“We have lots of different preparation and aid organizations but they all do a little part of the bigger picture. Our community needs a single place- physical or virtual to go to get the information they need to prepare and recover from events. Often the help exists for folks but they don’t know it is out there or how to access it.”
“Every location should have emergency access to 2 ways out.”
“The need for mini-community self survival plans.”
“Alternate housing for displaced people, access to food during power outages”
“Lack of cell service, which is always a problem here. But when the power is out and we have no wifi, cell service suddenly becomes very important. The coast has almost no coverage at all.”
“Proper infrastructure in place in town. Generators, emergency supplies etc. when the roads in and out are closed”
“Housing for residents whose homes have burned or become unlivable.”
“How to help people who do not have a car get evacuated with their family, pets and belongings and where they can stay at?”
“Alerts… information for people that do not have a smart phone or social media”
“Assistance with retrofitting for wildfire safety”
“Build-out of power redundancy on the whole north coast”
“Could there be buses that will go and pick up all folks who do not have cars and help them evacuate to a safe place? Maybe we could use the school buses or MTA or Senior buses to help folks without cars to evacuate. Maybe there could be a running list of all folks who need to be picked up by buses and in an emergency those buses would go to those residences and pick them up.”
“1. Our community needs local CERT Training; 2. While our school was designated in the past as a Red Cross shelter, we have zero supplies. We need blankets, cots, and basic supplies; 3. The Leggett community, located along the thoroughfare of Highways 101 and 1, had a hundred or more stranded travelers for days, with no place to house them in the most recent wind and snow storm; 4. We need power at that location during an outage. 5. We need an all terrain vehicle to be able to navigate snow and to transport supplies.”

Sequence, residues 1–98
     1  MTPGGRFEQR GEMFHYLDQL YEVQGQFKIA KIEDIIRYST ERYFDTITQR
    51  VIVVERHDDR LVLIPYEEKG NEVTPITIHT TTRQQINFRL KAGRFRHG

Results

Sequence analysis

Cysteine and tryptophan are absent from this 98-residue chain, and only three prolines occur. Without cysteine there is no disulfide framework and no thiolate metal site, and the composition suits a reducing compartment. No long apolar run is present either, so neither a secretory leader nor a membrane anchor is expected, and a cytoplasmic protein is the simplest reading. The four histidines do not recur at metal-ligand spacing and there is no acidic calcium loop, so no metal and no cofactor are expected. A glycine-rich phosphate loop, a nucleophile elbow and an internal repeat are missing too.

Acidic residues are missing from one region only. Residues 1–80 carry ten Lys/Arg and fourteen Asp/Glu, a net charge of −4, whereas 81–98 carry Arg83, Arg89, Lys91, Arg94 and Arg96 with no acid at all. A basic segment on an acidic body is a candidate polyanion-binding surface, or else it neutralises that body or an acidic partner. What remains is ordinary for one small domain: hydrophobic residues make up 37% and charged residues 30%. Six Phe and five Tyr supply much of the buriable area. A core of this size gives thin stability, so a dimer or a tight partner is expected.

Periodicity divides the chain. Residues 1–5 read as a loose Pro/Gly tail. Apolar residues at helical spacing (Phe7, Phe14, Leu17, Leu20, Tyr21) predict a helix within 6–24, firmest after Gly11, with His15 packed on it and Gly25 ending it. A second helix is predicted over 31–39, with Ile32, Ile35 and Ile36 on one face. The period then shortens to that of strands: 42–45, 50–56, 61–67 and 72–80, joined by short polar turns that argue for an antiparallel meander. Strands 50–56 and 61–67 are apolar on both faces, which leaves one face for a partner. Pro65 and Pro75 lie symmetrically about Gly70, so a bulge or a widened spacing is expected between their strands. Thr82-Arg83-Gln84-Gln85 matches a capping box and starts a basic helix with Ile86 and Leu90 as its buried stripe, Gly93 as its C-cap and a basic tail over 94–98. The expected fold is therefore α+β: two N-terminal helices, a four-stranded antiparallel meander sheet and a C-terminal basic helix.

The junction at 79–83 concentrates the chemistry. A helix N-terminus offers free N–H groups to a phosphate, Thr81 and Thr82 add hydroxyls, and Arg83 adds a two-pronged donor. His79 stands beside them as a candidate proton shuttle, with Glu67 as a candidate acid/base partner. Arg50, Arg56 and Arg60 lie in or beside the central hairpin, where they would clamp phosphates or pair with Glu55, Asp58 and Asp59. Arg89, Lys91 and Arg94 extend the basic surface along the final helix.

Here’s a list of some of our current emergency resources:
- Our resource guide for wildfire information & links that everyone in “Mendo needs to know”
- Winter weather info for Mendocino County and beyond: storms, flooding, power outages, road closures & essential resources
- Mendocino Voice articles related to wildfire safety
- Story: When help can’t come for days, Mendocino County ‘islands’ must build self-sufficiency
- Mendocino Voice videos featuring Cal Fire’s Public Information officer Tricia Austin discussing defensible space and fire preparedness
- Mendocino Voice article on how to build your own cheap air purifier
- Mendocino Voice 2018 article with tips about how to stay safe when the air quality is poor (note: N95 masks are not currently available for pick up)
- Mendocino Voice 2018 article about how to safely clean up wildfire ash
- Mendocino Voice 2019 article about food safety after a power outage
- Mendocino Voice 2022 article about how to sign up for PG&E planned shutoff alerts
- Mendocino Voice power outages and PG&E coverage
- Mendocino Voice 2023 article about tsunami warnings
- Mendocino Voice 2018 article covering resources for families and for helping children cope with the stress and trauma of disasters
- Mendocino Voice 2018 article about how to cope with disaster from the Adventist Health Howard Hospital chaplain
- Mendocino Voice 2020 article with tips for healing emotional trauma after a natural disaster